Published On: Wed, Jul 6th, 2022

Why Are Construction Workers Highly Prone to Silicosis Disease?

Silica dust is a common feature around a construction site. Because of this, medical experts say construction workers have a higher incidence of silicosis. Let’s examine what is meant by silicosis and how this condition is diagnosed and treated. 

photo/ Skeeze via pixabay

What Is Silica Dust?

Silica dust is defined as a crystalline substance that is found in different types of construction building materials, including brick, mortar, concrete, stone, and sand. When the materials are cut, crushed, or drilled, small particles become airborne. These are referred to as respirable particles and can be drawn into construction workers’ lungs, resulting in silicosis. This condition is frequently deadly. In addition, it can cause other respiratory diseases such as lung cancer.  It has been estimated that approximately two million workers are exposed to silica dust annually. 

The government has designed rules that protect construction workers from silica dust. The number of hours a worker is exposed to silica dust along with a vacuum device to capture the substance or wearing a NIOSH-certified filtering respirator all help reduce exposure. Rules demand that a dust exposure schedule be written and adhered to.


Silicosis falls under the umbrella of three diseases that involve mineral dust. The other diseases in this category are asbestosis and black lung. Silicosis causes lung damage and is officially a fibronodular lung disease. It is also called grinder’s rot or stonemason’s disease and is progressive, worsening with time.

As the silica dust is inhaled, the particles are embedded in the person’s lungs. The lung tissue becomes inflamed and forms a nodule around the embedded silica. Brain injury complications form in consequence. That is why it is called a fibronodular disease. Scarring also occurs around the trapped silica particles. This limits the lungs’ ability to acquire oxygen, leading to shortness of breath.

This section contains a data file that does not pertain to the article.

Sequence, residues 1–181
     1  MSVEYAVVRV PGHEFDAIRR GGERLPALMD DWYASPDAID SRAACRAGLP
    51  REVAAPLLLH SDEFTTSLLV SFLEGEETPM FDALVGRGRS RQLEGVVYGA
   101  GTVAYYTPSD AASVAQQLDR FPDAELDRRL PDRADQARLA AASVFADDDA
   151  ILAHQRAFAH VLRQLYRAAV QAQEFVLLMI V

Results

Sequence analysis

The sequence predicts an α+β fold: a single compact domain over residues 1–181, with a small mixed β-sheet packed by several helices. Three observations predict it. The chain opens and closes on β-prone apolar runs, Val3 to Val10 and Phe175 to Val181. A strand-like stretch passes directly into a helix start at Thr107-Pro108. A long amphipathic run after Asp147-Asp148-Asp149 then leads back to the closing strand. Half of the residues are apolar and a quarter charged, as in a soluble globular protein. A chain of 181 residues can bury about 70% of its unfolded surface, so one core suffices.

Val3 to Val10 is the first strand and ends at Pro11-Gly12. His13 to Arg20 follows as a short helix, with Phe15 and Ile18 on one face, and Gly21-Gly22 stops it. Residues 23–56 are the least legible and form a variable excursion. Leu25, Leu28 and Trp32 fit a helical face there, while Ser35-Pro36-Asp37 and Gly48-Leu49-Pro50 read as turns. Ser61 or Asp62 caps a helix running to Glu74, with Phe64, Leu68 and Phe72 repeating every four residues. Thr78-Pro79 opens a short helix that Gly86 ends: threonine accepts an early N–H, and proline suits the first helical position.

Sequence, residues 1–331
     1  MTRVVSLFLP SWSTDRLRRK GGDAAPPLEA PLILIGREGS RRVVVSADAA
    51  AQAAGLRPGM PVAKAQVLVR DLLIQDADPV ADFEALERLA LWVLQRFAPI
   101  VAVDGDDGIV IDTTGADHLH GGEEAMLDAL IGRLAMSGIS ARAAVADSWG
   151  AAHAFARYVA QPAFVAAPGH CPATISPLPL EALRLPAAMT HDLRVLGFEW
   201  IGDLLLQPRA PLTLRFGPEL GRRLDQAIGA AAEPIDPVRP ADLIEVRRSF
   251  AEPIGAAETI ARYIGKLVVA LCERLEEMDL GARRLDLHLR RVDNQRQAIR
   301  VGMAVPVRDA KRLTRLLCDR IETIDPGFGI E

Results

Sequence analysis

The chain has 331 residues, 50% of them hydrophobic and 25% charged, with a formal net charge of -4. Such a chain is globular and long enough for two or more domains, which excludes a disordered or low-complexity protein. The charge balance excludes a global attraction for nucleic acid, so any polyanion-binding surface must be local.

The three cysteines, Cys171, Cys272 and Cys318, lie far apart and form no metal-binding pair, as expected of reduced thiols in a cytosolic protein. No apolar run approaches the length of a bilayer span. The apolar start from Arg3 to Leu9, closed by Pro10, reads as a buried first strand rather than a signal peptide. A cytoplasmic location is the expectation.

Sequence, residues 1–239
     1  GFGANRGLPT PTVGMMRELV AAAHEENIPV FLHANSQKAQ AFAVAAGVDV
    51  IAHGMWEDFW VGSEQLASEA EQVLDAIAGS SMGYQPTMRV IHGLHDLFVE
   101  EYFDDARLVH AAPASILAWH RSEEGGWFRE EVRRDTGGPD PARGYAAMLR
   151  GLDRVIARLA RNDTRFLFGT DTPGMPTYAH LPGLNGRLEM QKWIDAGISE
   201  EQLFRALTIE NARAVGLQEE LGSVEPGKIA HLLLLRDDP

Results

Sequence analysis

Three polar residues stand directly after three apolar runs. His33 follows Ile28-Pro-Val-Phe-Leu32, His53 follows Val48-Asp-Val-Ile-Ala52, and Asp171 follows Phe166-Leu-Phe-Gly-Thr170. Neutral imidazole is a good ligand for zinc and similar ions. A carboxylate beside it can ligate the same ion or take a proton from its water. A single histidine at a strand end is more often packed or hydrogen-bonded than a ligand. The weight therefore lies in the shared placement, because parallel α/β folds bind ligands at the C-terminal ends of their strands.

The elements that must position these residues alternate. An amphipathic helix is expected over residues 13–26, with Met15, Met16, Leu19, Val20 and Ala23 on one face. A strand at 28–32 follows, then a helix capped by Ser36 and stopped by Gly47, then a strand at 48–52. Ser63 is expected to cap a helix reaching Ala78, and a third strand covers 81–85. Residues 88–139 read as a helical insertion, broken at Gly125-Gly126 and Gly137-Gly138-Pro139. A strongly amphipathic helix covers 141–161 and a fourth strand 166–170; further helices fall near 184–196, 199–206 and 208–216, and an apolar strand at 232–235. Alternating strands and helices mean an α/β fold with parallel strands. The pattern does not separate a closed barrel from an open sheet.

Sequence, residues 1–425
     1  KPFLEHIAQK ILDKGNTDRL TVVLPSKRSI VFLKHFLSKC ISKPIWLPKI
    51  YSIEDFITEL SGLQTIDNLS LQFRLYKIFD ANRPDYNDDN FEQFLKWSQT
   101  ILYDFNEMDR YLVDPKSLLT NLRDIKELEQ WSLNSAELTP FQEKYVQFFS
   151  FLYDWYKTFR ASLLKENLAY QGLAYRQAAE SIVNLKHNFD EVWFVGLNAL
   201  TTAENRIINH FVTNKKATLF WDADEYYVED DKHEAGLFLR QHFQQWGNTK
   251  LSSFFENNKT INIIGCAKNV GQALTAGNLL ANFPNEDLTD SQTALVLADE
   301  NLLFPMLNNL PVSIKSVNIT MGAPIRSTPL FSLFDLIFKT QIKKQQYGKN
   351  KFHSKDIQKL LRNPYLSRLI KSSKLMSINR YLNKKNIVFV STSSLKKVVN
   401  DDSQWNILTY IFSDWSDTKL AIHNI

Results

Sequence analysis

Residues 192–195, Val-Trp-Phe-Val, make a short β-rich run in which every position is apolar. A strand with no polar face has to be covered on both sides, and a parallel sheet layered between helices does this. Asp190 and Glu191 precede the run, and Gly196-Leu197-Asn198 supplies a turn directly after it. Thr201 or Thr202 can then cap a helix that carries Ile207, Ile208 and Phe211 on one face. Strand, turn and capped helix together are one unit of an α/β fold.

There are three types of silicosis:

  • Chronic silicosis: This type of silicosis results from low exposure over 10 to 20 years. The amount of silica that is in the dust is a factor in the disease. Chronic silicosis is also broken down into progressive massive silicosis and simple silicosis. Chronic silicosis is the most common form of this condition.
  • Accelerated silicosis: This is a progressive form of silicosis. It starts five to 10 years after exposure and is associated with high silica concentrations.
  • Acute silicosis: This form of silicosis begins weeks up to five years from exposure. It has the highest amount of silica concentrations. 

Although the survival time from diagnosis to death varies from one person to another, the following is a general approximation:

  • Stage I: The survival time is 21.5 years
  • Stage II: The survival time is 15.8 years
  • Stage III: The survival time is 6.8 years

Note: There are patients who have survived up to 33 years. 

Symptoms of Silicosis

The symptoms of silicosis may emerge early in the disease, although the person may be asymptomatic for a while after exposure. Initially, the person may experience a cough or shortness of breath. In time, the person may feel sharp chest pain, and severe breathlessness and die. Wheezing may be a prominent issue. Other frequent symptoms are:

  • Fatigue 
  • Loss of appetite
  • Fever
  • Weakness
  • Unintended weight loss
  • Continuing cough that progresses and produces sputum
  • Blue color to the skin
  • Shortness of breath
  • Crackling in the lung upon examination

Diagnosis of Silicosis

A chest X-ray or CT scan is the best way to diagnose silicosis. Pulmonary function tests are also done to evaluate lung function. The latter is used to see how well your respiratory system is working. Bronchoalveolar lavage may be used to examine the fluid for silicosis. 

Treatment for Silicosis

While there is no treatment for this malady, removing silica exposure is important to limit progression. Medicines that help the person breathe such as bronchodilators or oxygen may help. Since respiratory infections are common in this group, antibiotics are used. Some things you can do to help prevent progression are:

  • Quit smoking
  • Change jobs or use some sort of protective equipment
  • Always get the flu vaccine

Legal Assistance

If you were exposed to silica dust on the job, you have the right to file a claim if you develop silicosis. Fight the corporation that knew about the exposure but did not do anything to stop it.

Author: Victor Brown

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